2. Nazi Germany. The best known example of contemporary totalitarianism, led by Adolf Hitler in Germany in 1933, as it began the emergence of the so-called III Reich and later the start of the Second World War. This regime militarized almost the entire society, distinguished citizens by their race and their adherence to the National Socialist German Workers’ Party (the Nazi party), the only one in existence, and resorted to enslavement and the systematized genocide of the “inferior races” as a policy. of State.
  3. Fascist Italy. Dictatorial in nature, the government of Benito Mussolini (known as the Duce) started in Italy in 1922 is an example of fascism characterized by nationalism, militarism and struggle against communism and liberalism. He used semi-clandestine shock troops, the “black shirts”, to intimidate and attack his political rivals, establishing through the “Fascist Revolution” his de facto government that lasted until 1945, when he was publicly shot.
  4. Cambodia of the Khmer Rouge. The Khmer Rouge was a Cambodian guerrilla group that seized power in the country in 1975, after the overthrow of the military dictatorship that ruled it since 1970 and the Vietnam War. Led by the dictator Pol Pot, they established a Maoist model of state that sought to evacuate the cities and force the emergence of a radical agrarian model. They were the perpetrators of the Cambodian genocide, in which more than a million people lost their lives during his four years of rule.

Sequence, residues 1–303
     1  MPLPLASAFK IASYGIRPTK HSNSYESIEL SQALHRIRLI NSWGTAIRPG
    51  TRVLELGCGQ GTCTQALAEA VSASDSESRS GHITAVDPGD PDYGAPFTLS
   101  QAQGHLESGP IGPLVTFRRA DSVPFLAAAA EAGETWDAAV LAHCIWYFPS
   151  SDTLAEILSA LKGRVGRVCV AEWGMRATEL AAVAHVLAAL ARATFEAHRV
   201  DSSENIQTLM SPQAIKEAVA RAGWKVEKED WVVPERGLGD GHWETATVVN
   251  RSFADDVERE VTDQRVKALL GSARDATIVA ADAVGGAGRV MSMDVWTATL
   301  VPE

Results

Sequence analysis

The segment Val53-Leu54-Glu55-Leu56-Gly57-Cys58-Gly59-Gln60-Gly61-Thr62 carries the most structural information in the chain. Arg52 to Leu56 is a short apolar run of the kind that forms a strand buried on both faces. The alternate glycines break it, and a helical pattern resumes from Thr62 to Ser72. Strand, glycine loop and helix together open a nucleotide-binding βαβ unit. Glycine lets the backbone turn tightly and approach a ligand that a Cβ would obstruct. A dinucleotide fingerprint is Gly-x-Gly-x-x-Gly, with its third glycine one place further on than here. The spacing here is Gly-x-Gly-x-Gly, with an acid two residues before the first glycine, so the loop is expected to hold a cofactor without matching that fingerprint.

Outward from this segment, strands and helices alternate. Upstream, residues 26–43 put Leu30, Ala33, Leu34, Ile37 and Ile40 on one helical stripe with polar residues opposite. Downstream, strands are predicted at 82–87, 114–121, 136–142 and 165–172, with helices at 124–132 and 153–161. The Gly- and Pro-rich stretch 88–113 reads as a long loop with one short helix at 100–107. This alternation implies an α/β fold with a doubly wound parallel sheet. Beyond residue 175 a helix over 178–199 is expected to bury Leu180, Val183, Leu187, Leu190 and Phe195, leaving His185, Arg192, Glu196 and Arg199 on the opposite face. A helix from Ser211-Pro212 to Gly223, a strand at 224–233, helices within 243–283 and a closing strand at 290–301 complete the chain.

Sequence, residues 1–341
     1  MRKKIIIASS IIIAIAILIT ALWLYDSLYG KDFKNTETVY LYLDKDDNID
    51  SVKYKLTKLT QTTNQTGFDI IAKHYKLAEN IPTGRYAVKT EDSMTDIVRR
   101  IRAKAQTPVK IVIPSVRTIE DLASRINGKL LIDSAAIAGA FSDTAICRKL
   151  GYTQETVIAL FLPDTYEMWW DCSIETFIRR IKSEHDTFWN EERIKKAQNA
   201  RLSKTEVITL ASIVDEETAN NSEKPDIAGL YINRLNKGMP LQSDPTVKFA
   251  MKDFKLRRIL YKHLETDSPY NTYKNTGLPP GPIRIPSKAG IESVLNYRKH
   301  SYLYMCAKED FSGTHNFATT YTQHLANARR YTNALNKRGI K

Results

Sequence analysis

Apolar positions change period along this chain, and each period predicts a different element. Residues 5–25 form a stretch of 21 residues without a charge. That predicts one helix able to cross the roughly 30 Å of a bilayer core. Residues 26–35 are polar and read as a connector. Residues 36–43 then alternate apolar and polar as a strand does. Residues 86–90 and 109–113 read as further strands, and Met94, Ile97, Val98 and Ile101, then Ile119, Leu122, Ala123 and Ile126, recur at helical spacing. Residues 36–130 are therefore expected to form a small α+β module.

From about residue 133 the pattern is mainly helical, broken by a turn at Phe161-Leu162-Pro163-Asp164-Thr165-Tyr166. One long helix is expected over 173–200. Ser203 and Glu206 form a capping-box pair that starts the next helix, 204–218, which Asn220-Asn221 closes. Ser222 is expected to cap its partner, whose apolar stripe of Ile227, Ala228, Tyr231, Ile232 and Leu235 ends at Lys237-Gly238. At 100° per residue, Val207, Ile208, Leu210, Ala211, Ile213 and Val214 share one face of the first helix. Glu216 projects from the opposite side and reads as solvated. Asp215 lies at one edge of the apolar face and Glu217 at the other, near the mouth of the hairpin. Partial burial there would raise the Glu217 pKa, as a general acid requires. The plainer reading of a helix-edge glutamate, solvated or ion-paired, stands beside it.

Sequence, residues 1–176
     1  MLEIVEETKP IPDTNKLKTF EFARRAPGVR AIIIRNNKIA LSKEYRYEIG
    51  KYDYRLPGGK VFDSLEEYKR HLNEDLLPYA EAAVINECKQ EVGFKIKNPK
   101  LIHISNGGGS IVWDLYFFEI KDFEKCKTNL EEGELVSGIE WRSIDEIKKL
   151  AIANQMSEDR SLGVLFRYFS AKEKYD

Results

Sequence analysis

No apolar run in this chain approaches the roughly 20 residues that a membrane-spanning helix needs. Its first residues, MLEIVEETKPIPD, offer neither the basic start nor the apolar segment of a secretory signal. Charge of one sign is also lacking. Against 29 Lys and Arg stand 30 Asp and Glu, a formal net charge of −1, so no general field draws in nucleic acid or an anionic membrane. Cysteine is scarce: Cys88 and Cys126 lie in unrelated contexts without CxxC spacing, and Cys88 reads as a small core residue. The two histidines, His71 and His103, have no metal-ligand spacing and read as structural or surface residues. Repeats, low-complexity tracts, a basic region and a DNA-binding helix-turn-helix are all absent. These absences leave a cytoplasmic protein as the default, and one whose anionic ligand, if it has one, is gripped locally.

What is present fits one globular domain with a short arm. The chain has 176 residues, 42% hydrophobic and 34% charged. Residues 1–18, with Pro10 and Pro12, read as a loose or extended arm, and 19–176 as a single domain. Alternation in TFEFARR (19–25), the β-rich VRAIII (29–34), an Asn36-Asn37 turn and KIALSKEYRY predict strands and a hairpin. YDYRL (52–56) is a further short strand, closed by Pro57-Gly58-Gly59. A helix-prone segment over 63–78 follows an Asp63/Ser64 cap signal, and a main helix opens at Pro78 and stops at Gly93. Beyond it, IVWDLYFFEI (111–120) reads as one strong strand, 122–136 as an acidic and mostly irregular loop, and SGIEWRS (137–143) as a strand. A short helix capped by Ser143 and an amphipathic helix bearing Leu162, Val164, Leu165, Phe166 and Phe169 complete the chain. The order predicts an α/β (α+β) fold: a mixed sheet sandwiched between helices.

5. Chavista Venezuela. The United Socialist Party of Venezuela (PSUV) was the product of the anti-colonialist, nationalist, militarist and popular government of Hugo Chávez, who attempted a failed coup against oil democracy in 1992. During the particularly difficult years of Chávez’s government For Venezuelan society, there was a radical polarization that led to an attempted coup and massive popular protests, to which the PSUV responded by strengthening its control of all State institutions, modifying the constitution to allow infinite reelection, and exercising a seizure of public powers that cast considerable suspicion on the 2013 election of his successor, Nicolás Maduro, after Chávez died of cancer that same year.

Examples of democracy

  1. Nordic Wellness Model. Known for their stability and high standard of living, the democratic republics of Denmark, Norway, Sweden, Finland and Iceland are often offered as examples of functional democracies with high social investment.
  2. American democracy. Far from being an ideal model, it is a bipartisan democratic system (Democrats vs. Republicans) with deep capitalist and liberal roots, which operates on the basis of sustained consumption and the economic boost resulting from its numerous international military interventions.
  3. European democracies. United around a project of economic coexistence, the nations of the European Union are all democratic, since they elect their authorities through free elections, with great partisan plurality and audit of the rest of the public powers.
  4. Latin American democracies. Imperfect, reeling, still carrying the difficulties of the failed post-independence states and the numerous dictatorships of the Cold War, Latin American democracies struggle to constitute modern and more or less plural states, amid great inequalities and recurring autocratic tendencies.
  5. Canada. Although its form of government is a federal parliamentary monarchy, it is one with strong democratic traditions, wide parties, and simple and direct elections for members of the House of Commons that make up parliament.